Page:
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Pharmacy 2018, 6(1), 7; https://doi.org/10.3390/pharmacy6010007

Effects of Pharmacists’ Interventions on Inappropriate Drug Use and Drug-Related Readmissions in People with Dementia—A Secondary Analysis of a Randomized Controlled Trial

1
Department of Pharmacology and Clinical Neuroscience, Umeå University, SE-90187 Umeå, Sweden
2
Department of Community Medicine and Rehabilitation, Geriatric Medicine, Umeå University, SE-90187 Umeå, Sweden
*
Author to whom correspondence should be addressed.
Received: 19 December 2017 / Revised: 10 January 2018 / Accepted: 12 January 2018 / Published: 16 January 2018
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Abstract

Age-associated physiological changes and extensive drug treatment including use of potentially inappropriate medications (PIMs) pose a significant risk of drug–drug interactions and adverse drug events among elderly people with dementia. This study aimed at analysing the effects of clinical pharmacists’ interventions on use of PIMs, risk of emergency department visits, and time to institutionalization. Furthermore, a descriptive analysis was conducted of circumstances associated with drug-related readmissions. This is a secondary analysis of data from a randomized controlled intervention study conducted in two hospitals in Northern Sweden. The study included patients (n = 460) 65 years or older with dementia or cognitive impairment. The intervention consisted of comprehensive medication reviews conducted by clinical pharmacists as part of a healthcare team. There was a larger decrease in PIMs in the intervention group compared with the control group (p = 0.011). No significant difference was found in time to first all-cause emergency department visits (HR = 0.994, 95% CI = 0.755–1.307 p = 0.963, simple Cox regression) or time to institutionalization (HR = 0.761, 95% CI = 0.409–1.416 p = 0.389, simple Cox regression) within 180 days. Common reasons for drug-related readmissions were negative effects of sedatives, opioids, antidepressants, and anticholinergic agents, resulting in confusion, falling, and sedation. Drug-related readmissions were associated with living at home, heart failure, and diabetes. Pharmacist-provided interventions were able to reduce PIMs among elderly people with dementia and cognitive impairment. View Full-Text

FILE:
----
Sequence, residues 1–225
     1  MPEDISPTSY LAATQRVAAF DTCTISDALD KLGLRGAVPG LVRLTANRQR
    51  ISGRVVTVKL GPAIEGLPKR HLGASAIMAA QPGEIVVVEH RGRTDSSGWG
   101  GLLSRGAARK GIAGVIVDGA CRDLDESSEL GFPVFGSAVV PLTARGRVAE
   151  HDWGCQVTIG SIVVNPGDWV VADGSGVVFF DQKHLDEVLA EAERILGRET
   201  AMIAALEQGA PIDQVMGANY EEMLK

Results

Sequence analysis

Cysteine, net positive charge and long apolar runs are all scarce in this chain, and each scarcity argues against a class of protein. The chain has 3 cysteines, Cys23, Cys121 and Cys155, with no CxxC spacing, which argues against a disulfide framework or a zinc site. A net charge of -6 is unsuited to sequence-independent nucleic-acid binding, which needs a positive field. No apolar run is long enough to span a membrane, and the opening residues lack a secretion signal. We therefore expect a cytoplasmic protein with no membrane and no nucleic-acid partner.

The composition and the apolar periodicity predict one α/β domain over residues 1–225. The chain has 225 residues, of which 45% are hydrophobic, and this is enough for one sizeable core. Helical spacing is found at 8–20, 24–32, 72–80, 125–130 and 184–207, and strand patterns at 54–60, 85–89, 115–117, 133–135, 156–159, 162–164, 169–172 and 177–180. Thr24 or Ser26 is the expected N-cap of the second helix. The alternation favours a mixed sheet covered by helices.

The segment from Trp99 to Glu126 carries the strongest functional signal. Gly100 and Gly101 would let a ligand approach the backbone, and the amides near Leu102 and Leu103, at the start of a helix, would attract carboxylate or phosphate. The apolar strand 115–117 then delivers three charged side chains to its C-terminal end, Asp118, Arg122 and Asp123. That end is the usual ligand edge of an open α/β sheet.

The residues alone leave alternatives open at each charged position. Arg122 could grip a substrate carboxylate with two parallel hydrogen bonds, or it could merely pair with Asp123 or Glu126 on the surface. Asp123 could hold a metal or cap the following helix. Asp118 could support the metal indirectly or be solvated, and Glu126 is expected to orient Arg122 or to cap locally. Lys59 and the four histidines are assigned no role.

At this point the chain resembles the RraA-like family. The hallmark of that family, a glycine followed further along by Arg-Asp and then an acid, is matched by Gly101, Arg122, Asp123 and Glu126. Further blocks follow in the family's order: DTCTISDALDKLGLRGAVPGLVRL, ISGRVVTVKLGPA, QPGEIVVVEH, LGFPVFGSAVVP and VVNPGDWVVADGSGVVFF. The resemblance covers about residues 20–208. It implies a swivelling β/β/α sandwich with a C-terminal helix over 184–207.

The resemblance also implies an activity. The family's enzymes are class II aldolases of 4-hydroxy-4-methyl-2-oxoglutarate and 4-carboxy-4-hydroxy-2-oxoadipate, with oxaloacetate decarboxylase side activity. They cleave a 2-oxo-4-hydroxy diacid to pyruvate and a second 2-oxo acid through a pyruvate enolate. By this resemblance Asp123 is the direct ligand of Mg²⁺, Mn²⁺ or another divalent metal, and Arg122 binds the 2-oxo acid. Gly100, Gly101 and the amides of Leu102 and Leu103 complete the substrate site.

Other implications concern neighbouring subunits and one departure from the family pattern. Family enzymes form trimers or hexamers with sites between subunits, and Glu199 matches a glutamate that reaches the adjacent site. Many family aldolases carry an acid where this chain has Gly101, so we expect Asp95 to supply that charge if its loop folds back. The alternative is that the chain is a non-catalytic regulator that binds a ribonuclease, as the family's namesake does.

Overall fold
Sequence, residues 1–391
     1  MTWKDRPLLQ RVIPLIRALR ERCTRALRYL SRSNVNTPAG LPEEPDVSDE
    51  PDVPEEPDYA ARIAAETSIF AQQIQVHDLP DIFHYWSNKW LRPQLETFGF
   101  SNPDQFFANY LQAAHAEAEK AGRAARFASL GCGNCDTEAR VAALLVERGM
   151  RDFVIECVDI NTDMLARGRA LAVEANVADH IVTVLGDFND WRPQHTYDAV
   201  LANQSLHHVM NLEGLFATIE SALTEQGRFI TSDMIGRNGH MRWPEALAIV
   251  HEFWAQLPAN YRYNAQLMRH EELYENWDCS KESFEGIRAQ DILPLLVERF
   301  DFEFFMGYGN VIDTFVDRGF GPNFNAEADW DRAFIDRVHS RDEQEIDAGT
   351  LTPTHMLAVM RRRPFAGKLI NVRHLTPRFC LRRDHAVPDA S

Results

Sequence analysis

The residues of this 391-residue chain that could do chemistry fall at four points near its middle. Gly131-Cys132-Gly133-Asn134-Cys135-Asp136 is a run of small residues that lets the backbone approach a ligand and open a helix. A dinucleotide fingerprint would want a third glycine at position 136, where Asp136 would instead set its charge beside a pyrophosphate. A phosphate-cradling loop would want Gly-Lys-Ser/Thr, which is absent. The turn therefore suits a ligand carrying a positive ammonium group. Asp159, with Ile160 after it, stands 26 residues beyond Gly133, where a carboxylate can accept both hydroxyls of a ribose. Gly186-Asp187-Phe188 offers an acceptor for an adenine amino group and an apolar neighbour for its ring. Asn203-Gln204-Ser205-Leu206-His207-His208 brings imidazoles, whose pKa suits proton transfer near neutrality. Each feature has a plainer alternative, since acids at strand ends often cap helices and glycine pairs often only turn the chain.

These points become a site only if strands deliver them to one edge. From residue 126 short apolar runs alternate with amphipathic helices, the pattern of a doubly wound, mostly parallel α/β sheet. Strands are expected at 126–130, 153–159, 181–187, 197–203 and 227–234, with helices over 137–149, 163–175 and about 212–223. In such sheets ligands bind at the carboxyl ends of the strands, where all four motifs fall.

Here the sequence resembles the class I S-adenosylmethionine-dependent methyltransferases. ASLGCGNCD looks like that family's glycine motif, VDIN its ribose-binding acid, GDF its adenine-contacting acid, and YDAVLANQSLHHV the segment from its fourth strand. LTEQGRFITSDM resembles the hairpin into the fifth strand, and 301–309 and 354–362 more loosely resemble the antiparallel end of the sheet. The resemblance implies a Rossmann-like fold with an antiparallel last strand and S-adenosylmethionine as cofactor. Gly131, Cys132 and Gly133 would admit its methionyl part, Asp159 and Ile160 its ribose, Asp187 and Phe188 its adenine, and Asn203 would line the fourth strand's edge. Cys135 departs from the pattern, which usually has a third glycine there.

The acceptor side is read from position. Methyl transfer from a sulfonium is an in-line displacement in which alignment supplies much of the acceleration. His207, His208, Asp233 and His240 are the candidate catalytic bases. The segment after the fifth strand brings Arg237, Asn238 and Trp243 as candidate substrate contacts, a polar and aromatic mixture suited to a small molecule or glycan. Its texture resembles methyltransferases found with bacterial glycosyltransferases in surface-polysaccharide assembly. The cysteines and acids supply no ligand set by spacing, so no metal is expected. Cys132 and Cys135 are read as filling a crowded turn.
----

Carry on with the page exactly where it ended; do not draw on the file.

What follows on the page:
Keywords: medication reviews; potentially inappropriate medications; drug-related readmissions; dementia medication reviews; potentially inappropriate medications; drug-related readmissions; dementia
This is an open access article distributed under the Creative Commons Attribution License which permits unrestricted use, distribution, and reproduction in any medium, provided the original work is properly cited (CC BY 4.0).
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Gustafsson, M.; Sjölander, M.; Pfister, B.; Schneede, J.; Lövheim, H. Effects of Pharmacists’ Interventions on Inappropriate Drug Use and Drug-Related Readmissions in People with Dementia—A Secondary Analysis of a Randomized Controlled Trial. Pharmacy 2018, 6, 7.

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